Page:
In 2020, the humanitarian crisis in Yemen is at its worst since the start of the conflict in 2015. Though the country and […]
In 2020, the humanitarian crisis in Yemen is at its worst since the start of the conflict in 2015. Though the country and its needs are not often featured in the news, Yemen has earned the sad distinction of being the country with the greatest humanitarian need in the world.
“Health care is among the areas hardest hit by the conflict,” Adventist Development and Relief Agency (ADRA) workers said. “Hospitals and health facilities have not been spared the ravages of war. With dwindling resources, health-care providers are less able to continue working and are deprived of means to provide for their families. A worsening fuel crisis complicates the transport of critical supplies. Entire regions have been left without life-saving care.”
ADRA, with funding from the government of Canada, is working hard to meet the needs. From April 2018 to March 2020, ADRA provided resources and supplies to health-care facilities and personnel in one of the most war-torn areas of the country. This project served 225,715 people, of whom 121,532 were women.
The project providers renovated and fully equipped three health units, including a fully functional laboratory. The project is also helping to pay the salaries of health-care providers, including doctors, obstetricians, midwives, nurses, and nutrition experts, so that they can continue to improve their communities while also providing for their families.
“It is difficult for hospitals to obtain all the types of medication they need and in the quantities they need,” ADRA leaders said. “ADRA can help fill this need. With a transportation network in place, ADRA procures and transfers the medicines to where they are most needed.”
Through a referral and transportation system, more than 500 patients whose cases were too complicated for their local health facility were sent to a hospital in the capital of Sana’a, as that hospital is better equipped to deal with surgeries and advanced care, ADRA reported.
“This referral system provides each patient with a patient ID card, a transport voucher, and a caregiver,” ADRA leaders said. “They are then able to travel to the referral hospital and receive the care they need. Without this assistance, most patients would not be able to afford the trip.”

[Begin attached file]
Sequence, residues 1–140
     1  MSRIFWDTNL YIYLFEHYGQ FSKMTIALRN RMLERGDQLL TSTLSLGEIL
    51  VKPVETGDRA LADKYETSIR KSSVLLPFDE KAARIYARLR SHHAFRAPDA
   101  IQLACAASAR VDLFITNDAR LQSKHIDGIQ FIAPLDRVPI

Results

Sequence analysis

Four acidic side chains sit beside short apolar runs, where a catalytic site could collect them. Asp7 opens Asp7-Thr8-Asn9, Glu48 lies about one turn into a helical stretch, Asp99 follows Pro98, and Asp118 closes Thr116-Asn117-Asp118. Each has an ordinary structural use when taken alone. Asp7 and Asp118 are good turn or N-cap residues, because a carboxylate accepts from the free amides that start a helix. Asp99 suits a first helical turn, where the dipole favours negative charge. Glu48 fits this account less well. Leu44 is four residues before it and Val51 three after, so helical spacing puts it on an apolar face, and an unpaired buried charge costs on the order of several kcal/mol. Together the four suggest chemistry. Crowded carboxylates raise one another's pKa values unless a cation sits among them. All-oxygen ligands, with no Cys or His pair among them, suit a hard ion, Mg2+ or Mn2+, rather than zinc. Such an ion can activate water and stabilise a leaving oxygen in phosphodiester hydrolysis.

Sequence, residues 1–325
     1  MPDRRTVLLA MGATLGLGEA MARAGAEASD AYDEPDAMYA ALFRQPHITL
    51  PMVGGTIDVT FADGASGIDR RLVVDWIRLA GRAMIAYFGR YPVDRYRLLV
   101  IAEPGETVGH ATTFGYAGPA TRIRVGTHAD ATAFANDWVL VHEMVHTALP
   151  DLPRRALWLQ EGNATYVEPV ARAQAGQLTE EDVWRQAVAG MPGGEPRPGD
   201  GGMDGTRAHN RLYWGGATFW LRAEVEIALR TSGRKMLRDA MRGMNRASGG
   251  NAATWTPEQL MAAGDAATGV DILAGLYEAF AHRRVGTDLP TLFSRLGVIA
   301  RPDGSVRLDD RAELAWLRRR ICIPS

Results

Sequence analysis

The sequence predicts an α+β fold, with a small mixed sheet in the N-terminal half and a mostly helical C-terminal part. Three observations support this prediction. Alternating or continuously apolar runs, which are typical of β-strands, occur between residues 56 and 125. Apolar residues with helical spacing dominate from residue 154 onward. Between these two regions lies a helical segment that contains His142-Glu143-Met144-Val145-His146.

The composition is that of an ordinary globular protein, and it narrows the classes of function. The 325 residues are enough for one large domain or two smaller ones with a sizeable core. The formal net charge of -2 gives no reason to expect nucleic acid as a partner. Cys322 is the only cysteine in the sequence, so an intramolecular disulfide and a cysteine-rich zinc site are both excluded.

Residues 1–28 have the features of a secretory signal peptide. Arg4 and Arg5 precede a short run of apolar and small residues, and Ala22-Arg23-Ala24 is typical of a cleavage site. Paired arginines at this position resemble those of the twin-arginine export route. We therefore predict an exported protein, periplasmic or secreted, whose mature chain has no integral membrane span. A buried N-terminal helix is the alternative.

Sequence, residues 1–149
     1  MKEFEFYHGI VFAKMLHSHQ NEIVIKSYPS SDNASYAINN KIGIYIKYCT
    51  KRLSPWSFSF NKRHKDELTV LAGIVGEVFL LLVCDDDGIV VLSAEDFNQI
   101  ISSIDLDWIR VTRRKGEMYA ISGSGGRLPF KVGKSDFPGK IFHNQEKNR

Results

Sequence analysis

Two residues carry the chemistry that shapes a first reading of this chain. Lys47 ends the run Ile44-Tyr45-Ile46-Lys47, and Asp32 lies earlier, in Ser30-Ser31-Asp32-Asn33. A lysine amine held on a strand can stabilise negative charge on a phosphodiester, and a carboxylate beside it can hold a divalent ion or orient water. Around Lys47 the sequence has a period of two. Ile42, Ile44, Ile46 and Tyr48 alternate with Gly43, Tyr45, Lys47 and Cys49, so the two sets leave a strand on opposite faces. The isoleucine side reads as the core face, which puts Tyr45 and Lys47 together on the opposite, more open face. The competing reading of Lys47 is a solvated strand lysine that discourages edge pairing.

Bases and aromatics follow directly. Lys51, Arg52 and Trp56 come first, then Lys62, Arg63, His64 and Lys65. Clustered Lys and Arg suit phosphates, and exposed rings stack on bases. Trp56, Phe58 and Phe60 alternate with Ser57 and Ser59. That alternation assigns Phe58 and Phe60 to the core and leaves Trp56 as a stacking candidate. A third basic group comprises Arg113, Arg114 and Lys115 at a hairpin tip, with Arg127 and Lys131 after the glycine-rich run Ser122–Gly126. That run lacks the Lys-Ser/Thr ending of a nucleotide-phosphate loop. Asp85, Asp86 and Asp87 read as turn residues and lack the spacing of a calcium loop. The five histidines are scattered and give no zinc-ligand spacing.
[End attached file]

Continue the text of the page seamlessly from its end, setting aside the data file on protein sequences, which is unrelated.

ADRA’s project is also addressing malnutrition, especially in children under five years old and also in women. Through its nutrition experts and training, ADRA is teaching Yemenis the importance of breastfeeding, a balanced diet, and hygiene and sanitation. More 15,000 malnourished children and women have received treatment.
In addition to providing health care and nutrition, the project is addressing protection issues such as gender-based violence.
“In times of difficulty, often the most vulnerable — children, girls, and women — suffer additional abuse. Through training and resources, the project seeks to teach more positive ways of coping with stress and the many benefits that can be enjoyed when the entire family is protected.”
According to ADRA leaders, the agency has become known for working with determination, principles, and consistency in some of the most sensitive and challenging areas in Yemen.
“We are grateful for this opportunity to save lives and serve so that all may live as God intended,” they said.
The original version of this story was posted by the Adventist Development and Relief Agency in Canada.